Looking to learn a new language?

Genesee District Library card holders can use Mango, an interactive language learning application that uses movies, music and more to teach users a new language in a way that is both fun and engaging! If you are not already a library card holder you can fill out an application online or in person.


Adult Achievement Programs

The Center for Higher Educational Achievement offers a variety of adult achievement programs for adults 25 and older. Courses range from improving literacy to attaining a GED, to preparing for the GRE! For more information visit the Center for Higher Education Achievement website or call (810) 553-2140.


Protect Yourself from Tax Scams
As the state income tax filing season approaches, the Michigan Department of Treasury is asking taxpayers to be alert and watch out for tax scams. I’ve had a few constituents call my office with concerns over tax scams, and I want to give you a few tips to keep you from falling victim to these scams.

Cybercriminals typically increase their activity in the first part of the year through phone scams and email phishing schemes. These scammers try to obtain personal information using different tricks and tactics so they can file income tax returns and claim refunds on behalf of unsuspecting taxpayers. Some scammers may also allege a taxpayer owes taxes and aggressively demand payment for a quick payout.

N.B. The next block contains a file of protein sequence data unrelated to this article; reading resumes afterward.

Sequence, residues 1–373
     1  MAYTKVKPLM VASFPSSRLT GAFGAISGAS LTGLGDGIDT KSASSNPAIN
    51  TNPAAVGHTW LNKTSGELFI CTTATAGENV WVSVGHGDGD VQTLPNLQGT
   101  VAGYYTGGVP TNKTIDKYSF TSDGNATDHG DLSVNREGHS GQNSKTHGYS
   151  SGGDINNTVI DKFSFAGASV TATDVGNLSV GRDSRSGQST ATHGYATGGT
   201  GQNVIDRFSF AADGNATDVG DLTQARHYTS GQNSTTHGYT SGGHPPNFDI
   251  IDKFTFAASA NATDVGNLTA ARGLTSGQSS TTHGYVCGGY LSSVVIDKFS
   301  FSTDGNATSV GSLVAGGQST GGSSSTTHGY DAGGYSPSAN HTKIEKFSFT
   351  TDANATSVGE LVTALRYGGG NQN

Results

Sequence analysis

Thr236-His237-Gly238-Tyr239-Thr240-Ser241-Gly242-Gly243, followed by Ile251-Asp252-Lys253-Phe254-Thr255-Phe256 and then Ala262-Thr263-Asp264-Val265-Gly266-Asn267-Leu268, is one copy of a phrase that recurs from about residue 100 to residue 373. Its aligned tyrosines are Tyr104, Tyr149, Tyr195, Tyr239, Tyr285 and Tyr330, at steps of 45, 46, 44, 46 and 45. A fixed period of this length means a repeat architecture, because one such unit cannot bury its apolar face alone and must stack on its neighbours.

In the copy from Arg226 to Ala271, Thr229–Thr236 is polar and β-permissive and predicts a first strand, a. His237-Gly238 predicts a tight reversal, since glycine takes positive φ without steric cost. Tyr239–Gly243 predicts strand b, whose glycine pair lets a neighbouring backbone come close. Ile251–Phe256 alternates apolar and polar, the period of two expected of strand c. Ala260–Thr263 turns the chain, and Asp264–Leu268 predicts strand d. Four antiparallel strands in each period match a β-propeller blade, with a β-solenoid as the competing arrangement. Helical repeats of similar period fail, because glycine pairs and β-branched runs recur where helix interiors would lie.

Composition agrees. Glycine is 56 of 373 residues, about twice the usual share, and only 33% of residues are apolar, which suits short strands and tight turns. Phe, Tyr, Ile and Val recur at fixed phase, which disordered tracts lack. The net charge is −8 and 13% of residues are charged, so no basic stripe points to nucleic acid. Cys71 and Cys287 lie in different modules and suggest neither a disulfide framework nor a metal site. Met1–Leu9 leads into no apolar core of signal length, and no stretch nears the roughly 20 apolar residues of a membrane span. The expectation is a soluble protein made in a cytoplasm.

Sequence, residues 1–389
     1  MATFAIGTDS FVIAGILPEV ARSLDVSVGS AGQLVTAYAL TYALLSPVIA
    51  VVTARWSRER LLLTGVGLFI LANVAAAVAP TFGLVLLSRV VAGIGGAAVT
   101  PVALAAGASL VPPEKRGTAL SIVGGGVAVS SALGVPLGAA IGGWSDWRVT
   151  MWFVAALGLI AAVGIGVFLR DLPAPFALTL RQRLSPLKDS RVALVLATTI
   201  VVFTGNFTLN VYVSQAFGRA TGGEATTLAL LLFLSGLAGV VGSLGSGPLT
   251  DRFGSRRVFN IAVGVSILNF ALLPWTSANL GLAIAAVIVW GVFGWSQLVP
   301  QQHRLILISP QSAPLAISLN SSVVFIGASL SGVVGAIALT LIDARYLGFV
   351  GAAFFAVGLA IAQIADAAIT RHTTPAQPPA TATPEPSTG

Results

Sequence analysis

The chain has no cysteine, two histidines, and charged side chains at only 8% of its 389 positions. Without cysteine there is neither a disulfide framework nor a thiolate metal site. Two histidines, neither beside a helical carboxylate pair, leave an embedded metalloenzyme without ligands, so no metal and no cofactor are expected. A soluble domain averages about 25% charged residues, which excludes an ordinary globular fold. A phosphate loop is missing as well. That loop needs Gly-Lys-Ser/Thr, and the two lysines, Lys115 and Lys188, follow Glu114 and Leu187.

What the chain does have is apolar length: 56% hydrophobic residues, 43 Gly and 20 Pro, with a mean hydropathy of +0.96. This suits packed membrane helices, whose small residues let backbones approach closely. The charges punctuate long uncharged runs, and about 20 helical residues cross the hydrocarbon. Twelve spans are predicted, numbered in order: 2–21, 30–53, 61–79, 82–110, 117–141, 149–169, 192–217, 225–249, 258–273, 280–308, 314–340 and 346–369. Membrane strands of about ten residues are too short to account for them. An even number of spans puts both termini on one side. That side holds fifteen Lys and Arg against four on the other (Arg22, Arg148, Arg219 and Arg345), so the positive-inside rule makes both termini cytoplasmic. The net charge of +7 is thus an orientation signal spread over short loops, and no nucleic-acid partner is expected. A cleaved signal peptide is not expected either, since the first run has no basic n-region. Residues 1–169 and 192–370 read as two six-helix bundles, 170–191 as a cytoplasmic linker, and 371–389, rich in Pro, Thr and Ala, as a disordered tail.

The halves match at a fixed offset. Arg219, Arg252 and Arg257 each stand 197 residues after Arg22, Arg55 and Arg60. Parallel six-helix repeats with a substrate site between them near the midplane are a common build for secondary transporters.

The Michigan Department of Treasury will never:

  • Initiate a phone call or email to ask for personal information.
  • Call or email to demand immediate payment using a specific payment method, such as a prepaid debit card, gift card or wire transfer. Generally, Treasury will first send a bill through the U.S. mail to any taxpayer who owes taxes.
  • Threaten to immediately bring in local police or other law-enforcement groups to have the taxpayer arrested for not paying.
  • Demand that taxes be paid without giving the taxpayer the opportunity to question or appeal the amount owed.
  • Ask for credit or debit card numbers over the phone.

Contacted by a scammer? Immediately hang up the phone or delete the email. If you have received a call or email from a scammer, you should report the case to the IRS through the web or by calling (800) 366-4484. To learn more about tax-related identity theft, go to www.michigan.gov/identitytheft


Community Events


Halloween Ghosts and Goodies

Enjoy treats and tricks, cider and donuts, little monsters and big fun for the whole family. From an Enchanted Forest to the magic show at the Colwell Opera House or the straw maze and treat stops throughout the village, it’s sure to put all in the spirit of the season.

Tuesday, Oct. 29, until Thursday, Oct. 31, from 5 to9 p.m.